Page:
A not-so-loving look at the Washington Post’s Marcus Brauchli from the Columbia Journalism Review—and my own take from afar

image In The Solomon Scandals, George McWilliams runs a word-mill at the fictitious Washington Telegram—using his Rolex to time reporters writing stories or pumping news sources on the phone. A little at odds with the style and conduct of most executive editors today? Definitely. But that’s Mac, come down to D.C. from New York after careers with the Herald Tribune, the OSS and a Wall Street firm. In the words of narrator Jon Stone, McWilliams is remaking the whole paper “to reflect his ambitions for the Telegram and the rest of us.”

So is Washington Post Executive Editor Marcus Brauchli—not an OSS alum or currency trader but also a Columbia University graduate and dedicated numbers-cruncher, as well as ex-editor of the Wall Street Journal—another Mac?

I hardly had Brauchli (pronounced BROW-klee) in mind when I dreamed up the McWilliams character decades ago. But if you go by a portrait of him and the Washington Post in the Columbia Journalism Review, you might see a few overlaps. The CJR piece starts off with some recollections from Karl Vick, who was on the scene at the Post’s New York bureau when Brauchli walked in, wearing a tuxedo that he had donned for a fundraising dinner. “Essentially,” CJR contributing editor Scott Sherman quotes Vick, “Marcus said, ‘I’m dressed like an undertaker for a reason. I’m bearing bad news.” The Post was so keen on reducing costs that when it shut down domestic bureaus in New York and elsewhere, it wouldn’t even let the bureau chiefs stay in the field and work from home. Sherman goes on to depict Brauchli as not driving Post people to mutiny but not exactly endearing himself to the crew, either. He also comes across as somewhat sharkish, in the Mac vein, ruthlessly playing newsroom politics during his career at the Wall Street Journal.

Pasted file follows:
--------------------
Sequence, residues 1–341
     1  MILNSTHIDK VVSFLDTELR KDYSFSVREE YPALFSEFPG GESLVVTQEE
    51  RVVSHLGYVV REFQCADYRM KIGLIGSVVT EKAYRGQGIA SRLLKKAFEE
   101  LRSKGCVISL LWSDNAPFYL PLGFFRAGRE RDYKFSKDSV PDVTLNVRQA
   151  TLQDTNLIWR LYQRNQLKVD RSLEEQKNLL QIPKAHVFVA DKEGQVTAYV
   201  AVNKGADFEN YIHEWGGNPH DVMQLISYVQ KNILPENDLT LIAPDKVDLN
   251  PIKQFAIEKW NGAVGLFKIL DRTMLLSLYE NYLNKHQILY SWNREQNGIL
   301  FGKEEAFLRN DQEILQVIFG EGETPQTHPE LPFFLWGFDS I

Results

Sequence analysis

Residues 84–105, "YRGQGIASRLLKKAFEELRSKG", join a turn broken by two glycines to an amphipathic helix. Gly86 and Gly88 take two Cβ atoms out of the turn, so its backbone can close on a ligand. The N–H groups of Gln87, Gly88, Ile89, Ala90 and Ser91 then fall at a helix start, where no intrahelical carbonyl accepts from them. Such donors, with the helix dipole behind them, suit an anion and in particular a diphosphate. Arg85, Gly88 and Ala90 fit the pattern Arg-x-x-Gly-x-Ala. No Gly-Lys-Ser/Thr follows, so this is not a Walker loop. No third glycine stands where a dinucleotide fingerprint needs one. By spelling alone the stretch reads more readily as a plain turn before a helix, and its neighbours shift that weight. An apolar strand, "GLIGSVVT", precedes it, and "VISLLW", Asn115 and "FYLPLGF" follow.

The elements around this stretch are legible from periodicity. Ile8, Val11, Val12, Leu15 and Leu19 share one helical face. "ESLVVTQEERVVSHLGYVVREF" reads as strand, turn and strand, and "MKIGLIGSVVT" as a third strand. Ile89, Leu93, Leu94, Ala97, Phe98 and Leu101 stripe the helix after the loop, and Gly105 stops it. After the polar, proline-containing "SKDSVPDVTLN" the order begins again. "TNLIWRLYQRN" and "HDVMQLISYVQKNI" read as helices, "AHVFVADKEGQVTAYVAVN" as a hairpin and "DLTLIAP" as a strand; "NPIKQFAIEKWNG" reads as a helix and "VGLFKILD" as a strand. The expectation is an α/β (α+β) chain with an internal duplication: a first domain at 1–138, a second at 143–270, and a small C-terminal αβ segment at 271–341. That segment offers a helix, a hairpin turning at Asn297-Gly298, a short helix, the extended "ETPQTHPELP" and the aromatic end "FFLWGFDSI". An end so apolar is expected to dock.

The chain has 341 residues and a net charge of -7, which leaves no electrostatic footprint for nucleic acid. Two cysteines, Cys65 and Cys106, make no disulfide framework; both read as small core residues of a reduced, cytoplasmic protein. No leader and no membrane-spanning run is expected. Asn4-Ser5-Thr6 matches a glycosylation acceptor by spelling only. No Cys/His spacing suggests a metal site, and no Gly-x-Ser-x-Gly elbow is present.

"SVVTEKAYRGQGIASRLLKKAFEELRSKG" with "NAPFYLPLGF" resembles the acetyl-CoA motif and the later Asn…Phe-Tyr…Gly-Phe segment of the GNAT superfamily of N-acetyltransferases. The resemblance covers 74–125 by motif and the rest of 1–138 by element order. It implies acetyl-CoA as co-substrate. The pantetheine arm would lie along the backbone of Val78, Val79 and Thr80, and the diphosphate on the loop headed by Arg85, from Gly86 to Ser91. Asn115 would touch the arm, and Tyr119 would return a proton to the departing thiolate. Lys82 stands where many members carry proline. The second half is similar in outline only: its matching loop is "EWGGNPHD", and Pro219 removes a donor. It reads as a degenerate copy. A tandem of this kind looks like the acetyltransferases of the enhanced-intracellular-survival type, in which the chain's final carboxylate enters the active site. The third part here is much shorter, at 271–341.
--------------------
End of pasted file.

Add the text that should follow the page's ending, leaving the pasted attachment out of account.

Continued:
That said, I’ll not diss Brauchli at this point as simply a real-life Mac—and not merely because he comes from a more genteel background, has been at the Post just two years and deserves more time before anyone reaches a final conclusion.

First off, consider Brauchli’s present job as accurately depicted in CJR; it isn’t to grow the Post but to shrink it and keep it alive. At least some funeral-directing is unavoidable for now if he’s to please his bosses.

Second, numbers crunching isn’t such a bad skill to have after the Post’s decline in daily print circulation from 830,000 in 1994 to 556,000 today. It will help to be able to identify sources of revenue and losses and come up with trends and solutions. If Brauchli and the Post’s business side can implement successful new revenue models—good for the employees and the community at large, not just the shareholders—his numbers-oriented background might well work out to the positive. The issue is whether he and the rest of the Post management can mix imagination with analytical and mathematic ability. And will they listen to people inside the Post with innovative ideas? One recent change for the better was the Post’s new focus on tags for news stories (not everyone is pro-tags, but they certainly drive their share of traffic to the Solomon Scandals blog and, I suspect, a little site called the Huffington Post). This is the Google era, after all, and things so often intertwine—for example, those tags might work not just as Web traffic boosters but also as as one way to help determine ad selection and placement. Simply put, we’re talking about much more than spreadsheet reading.